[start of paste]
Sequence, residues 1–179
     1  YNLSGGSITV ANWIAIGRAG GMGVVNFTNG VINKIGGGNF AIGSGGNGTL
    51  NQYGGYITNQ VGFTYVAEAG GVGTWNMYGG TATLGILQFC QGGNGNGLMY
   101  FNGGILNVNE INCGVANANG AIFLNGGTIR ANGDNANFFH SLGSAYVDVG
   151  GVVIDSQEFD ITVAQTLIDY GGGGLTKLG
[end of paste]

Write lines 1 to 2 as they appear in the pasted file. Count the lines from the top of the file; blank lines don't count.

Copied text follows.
Sequence, residues 1–179
     1  YNLSGGSITV ANWIAIGRAG GMGVVNFTNG VINKIGGGNF AIGSGGNGTL